Uri Geller To The Rescue!

I’m a skeptic. That means if you want me to accept that someone has supernatural powers I will need some pretty darn good evidence. I need more than just someone’s word or the demonstration of a few parlor tricks. I will need to be convinced the person with special, super-human powers isn’t cheating.

This doesn’t mean I can’t suspend my disbelief and accept that there are such gifted (or cursed) characters in fiction. When I watch movies and television or read novels and comic books, I can accept that Mr. Fantastic can stretch, that Dorothy is in the Land of Oz, that Storm can control the weather, that Mr. Spock can mind-meld, and that Harry Potter is a wizard. It’s fiction. It’s fantasy. And in comic books, if it can be drawn, it can be done.

In the real world, though, it’s a different story.

Uri Geller

Enter Uri Geller. In the 1970s, this young man from Israel caught the world’s attention by bending spoons. He claimed he did it with his mind. However, his hands always seemed to be involved. Hmm. I wonder if maybe he was physically bending those spoons in secret and then using sleight of hand to make it appear as though the utensils were being bent by his mind. Sleight of hand or superpowers? Which seems more likely?

James Randi

In 1973, Geller appeared on the Tonight Show with Johnny Carson. Johnny had started his show biz career as a magician, so he had some insights that the average person who was convinced by Geller didn’t. (By the way, some of those convinced people included scientists.) Johnny had his doubts about young Geller and he enlisted James “The Amazing” Randi to help with an upcoming appearance by the spoon bender. Johnny wanted to put in some controls to prevent Geller from cheating. If that was what he was doing, he wouldn’t be able to do his tricks.

Neither Geller nor any of his people were allowed to bring props or to have any contact with those provided by the show. The “psychic” phenom would be presented with the items when he walked onto the set. Not a moment earlier.

With controls, failure.

Geller failed. In front of millions of viewers.

He excused his failure on not feeling strong and he suggested that Johnny was putting undue pressure on him. You can watch the infamous appearance with Johnny and get some more insights on Geller’s “abilities” from James Randi here.

One would think such a public failure would have ended Geller’s popularity, but no. His appearance on the Tonight Show only led to his getting more bookings. He was soon appearing on The Merv Griffin Show and he was definitely feeling strong. From what I’ve heard (I haven’t seen the appearance), no controls were put in place and his powers were in full force.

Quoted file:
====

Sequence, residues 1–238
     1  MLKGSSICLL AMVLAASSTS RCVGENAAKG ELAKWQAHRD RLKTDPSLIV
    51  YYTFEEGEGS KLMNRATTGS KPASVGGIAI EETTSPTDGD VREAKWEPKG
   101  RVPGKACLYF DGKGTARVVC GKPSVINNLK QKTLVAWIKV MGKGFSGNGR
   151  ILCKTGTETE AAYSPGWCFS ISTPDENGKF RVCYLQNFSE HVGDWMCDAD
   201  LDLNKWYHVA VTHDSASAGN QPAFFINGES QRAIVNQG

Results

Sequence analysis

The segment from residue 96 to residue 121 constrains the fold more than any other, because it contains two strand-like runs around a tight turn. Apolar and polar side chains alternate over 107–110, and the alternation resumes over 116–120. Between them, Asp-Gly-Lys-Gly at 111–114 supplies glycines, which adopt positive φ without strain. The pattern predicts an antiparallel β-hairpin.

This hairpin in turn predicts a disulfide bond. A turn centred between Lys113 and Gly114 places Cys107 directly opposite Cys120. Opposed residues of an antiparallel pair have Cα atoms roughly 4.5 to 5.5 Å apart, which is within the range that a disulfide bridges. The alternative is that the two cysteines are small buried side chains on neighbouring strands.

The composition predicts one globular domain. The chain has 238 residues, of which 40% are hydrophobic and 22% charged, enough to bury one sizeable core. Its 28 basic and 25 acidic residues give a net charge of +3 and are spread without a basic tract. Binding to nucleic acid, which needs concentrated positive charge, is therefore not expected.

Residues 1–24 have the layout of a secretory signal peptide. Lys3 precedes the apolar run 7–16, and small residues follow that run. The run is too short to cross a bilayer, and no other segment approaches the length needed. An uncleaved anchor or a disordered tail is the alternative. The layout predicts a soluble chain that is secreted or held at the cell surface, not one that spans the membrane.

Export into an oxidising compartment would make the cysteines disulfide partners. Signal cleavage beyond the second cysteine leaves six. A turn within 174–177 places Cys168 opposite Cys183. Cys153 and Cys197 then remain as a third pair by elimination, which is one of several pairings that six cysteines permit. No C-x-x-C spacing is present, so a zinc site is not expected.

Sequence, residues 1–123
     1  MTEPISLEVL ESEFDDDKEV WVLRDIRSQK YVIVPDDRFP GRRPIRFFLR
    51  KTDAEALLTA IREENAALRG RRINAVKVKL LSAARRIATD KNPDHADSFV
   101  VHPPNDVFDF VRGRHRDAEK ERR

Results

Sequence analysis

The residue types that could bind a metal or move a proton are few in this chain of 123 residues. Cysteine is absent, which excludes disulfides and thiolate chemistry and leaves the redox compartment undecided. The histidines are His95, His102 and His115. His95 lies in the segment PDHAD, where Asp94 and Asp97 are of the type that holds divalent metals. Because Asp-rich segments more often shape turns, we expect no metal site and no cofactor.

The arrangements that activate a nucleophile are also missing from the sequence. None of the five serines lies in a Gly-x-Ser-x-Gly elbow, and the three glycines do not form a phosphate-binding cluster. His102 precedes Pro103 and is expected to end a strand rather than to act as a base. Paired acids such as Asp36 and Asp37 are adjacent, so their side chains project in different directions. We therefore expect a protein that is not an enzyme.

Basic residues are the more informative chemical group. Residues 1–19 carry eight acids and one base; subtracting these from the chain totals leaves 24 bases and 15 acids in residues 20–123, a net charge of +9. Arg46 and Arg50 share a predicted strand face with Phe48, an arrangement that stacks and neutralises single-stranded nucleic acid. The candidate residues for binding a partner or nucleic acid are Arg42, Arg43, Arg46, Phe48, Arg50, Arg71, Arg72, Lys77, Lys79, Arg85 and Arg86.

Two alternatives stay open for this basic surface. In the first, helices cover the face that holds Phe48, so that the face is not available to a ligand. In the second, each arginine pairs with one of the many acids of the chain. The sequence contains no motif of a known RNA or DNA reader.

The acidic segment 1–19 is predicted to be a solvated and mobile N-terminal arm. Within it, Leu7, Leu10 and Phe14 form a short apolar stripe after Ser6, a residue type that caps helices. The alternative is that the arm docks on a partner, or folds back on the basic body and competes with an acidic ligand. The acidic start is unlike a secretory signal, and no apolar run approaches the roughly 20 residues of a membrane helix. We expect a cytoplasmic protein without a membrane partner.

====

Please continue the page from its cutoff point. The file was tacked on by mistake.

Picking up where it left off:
Huh. Imagine that.

Without controls, success.

Sadly, 27 years after Geller’s failure on the Tonight Show, the middle-aged “psychic” phenom returned as a guest of Carson’s replacement, Jay Leno. And, much like most of Geller’s other showcases of his abilities, no controls were in place. Geller reached into his old bag of tricks, the same half a dozen or so, and his powers were once again in full force.

Huh. Imagine that.

(Did you know Johnny wanted David Letterman for his replacement?)

Enter Marvel Comics. In 1976, Stan Lee knew a good gimmick when he saw one and he called in writer/editor Marv Wolfman. “Marv! I want you to write that amazing young man who bends things into one of our comic books!” Wolfman wrote Geller a guest appearance in Daredevil #133 (May, 1976). Not as a mildly interesting fellow who bends keys, reproduces drawings by others without having seen them, and restarts stopped watches, no, no, no, Geller has abilities in the story that put all those tricks to shame.

In the comic, Geller can communicate telepathically with Mind-Wave, the villain of the issue. He can psychically locate the evil-doer. And he can bend metal pipes. With his mind. And there’s none of that rubbing with a finger and repeating, “Bend! Bend! Bend!” theatricality.

Comic book Geller bending a metal pipe.

I think I can safely say Uri Geller has never bent a metal pipe in his life. Certainly not with his mind.

In the section of the comic book normally set aside for letters to the editor, Marv Wolfman wrote the story behind the Geller appearance. Yeah, he was skeptical at first, people often are, but a couple bent keys and a reproduced drawing later and Marv was convinced. It’s disappointing, but most people don’t know what to look for when a trickster is at work.


In more recent years, Uri Geller has winkingly come clean about not really having super-powers. Besides, just how super of a power is bending spoons anyway?

Packing Peanuts!

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Images used under Fair Use.

Warehouse Find is the official blog of NostalgiaZone.com, where you can find books, games, toys, cards, and a huge selection of Golden, Silver, Bronze, and Modern Age comic books. Jim also has a podcast called Dimland Radio. He’d love it if you checked it out. It’s available on Apple Podcasts.

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